Just side note plug, be sure you're following Tasha on Instagram because she's got really good Instagram stories so if you could actually do the crossover of kind of behind the scenes of YouTube and all the other things that you guys do, but let's go back a bit because I want to break it down. For those listening who are thinking about exploring YouTube, I hear a lot of people go, let's just repurpose stuff on YouTube and just expand and throw it on there. I don't know that it's actually that easy. Selfishly speaking, I know YouTube is one of those areas that I want to venture more into in 2021. Tell us a little bit about how you got started with Youtube, why you chose that platform and then we'll get into some of the like specifics around what are people want to think about.
07:31 Tasha Cochran:
What's really interesting about my journey is that I chose to just start making videos on YouTube. I didn't choose to start a business. I didn't see myself as an online entrepreneur. In fact, I actually really hated social media. I didn't have an Instagram account, barely posted on my personal Facebook page and was definitely one of those people that if I have not met you in person, we will not be Facebook friends. That was me.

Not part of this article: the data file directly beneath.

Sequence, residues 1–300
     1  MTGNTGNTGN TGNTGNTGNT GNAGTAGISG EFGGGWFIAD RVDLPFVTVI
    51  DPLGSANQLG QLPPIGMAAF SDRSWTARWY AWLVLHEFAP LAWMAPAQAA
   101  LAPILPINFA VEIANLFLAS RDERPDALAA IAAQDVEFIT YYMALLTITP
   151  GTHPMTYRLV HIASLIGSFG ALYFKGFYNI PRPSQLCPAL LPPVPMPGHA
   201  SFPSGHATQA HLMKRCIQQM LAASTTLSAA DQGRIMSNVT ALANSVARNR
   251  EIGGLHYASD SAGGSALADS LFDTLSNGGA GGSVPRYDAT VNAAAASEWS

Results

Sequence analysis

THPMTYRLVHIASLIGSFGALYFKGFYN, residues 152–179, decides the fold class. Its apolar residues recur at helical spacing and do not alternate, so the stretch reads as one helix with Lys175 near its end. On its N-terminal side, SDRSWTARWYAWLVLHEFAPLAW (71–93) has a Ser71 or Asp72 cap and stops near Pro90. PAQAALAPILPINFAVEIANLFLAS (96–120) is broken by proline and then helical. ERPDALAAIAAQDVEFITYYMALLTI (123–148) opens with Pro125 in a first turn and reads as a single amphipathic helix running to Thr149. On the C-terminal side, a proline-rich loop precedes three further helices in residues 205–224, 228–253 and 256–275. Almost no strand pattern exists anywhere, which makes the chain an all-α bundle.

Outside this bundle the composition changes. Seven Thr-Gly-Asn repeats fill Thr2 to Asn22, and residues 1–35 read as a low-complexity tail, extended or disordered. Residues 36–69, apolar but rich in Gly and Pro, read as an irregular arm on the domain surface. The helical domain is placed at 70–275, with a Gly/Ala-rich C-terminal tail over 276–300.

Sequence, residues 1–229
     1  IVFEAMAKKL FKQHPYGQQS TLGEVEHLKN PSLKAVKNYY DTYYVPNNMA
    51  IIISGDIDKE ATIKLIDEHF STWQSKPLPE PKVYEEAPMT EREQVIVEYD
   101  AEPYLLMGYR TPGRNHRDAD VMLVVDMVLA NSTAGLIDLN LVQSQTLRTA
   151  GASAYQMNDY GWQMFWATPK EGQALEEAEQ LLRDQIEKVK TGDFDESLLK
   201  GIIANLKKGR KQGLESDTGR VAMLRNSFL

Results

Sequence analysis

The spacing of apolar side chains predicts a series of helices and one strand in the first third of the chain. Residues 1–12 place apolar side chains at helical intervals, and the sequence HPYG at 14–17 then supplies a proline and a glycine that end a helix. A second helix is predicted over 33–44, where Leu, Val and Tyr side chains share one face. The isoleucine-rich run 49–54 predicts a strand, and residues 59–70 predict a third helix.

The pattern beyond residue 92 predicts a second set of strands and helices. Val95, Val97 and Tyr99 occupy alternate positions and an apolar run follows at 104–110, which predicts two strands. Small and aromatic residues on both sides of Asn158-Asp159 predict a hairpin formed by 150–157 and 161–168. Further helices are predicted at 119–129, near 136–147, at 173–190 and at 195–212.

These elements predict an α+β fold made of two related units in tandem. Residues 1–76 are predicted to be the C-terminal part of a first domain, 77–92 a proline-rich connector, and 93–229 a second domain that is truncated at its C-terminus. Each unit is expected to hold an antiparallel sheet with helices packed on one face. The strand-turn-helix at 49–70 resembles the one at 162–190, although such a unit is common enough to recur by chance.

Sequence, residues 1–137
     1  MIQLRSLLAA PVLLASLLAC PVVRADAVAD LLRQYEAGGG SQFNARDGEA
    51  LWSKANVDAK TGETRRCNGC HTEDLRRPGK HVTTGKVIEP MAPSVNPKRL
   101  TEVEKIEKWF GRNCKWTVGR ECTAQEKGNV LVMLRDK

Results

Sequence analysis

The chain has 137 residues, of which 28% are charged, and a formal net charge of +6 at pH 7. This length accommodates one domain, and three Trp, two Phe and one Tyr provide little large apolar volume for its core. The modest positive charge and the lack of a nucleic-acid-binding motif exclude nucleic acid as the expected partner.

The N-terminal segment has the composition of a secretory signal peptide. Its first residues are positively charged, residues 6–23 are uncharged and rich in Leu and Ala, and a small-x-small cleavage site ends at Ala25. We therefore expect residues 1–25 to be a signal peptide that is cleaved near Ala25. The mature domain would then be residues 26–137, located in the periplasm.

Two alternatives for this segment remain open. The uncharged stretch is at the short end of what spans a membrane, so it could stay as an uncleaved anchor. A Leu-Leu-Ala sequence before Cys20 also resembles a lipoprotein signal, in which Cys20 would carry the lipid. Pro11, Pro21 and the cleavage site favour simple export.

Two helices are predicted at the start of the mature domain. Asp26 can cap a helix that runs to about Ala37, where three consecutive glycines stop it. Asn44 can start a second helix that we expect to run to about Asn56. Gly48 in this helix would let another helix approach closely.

07:58 Heather Sager:
I still kinda feel that, I still feel that totally.
8:02 Tasha Cochran:
And I still do too, even though now I do so much networking in the online business space. I'm still like if we've never actually met or connected in a significant way, do not friend me. I don't want DMs about your program. But so I started YouTube to make videos on YouTube, I was just doing it for fun. It really came about because back in 2013, I decided to cut off all of my relaxed hair and go natural. Just wear my natural curls versus my chemically straightened hair because my daughter was having an identity crisis around her curly hair and no one else around her having curly hair.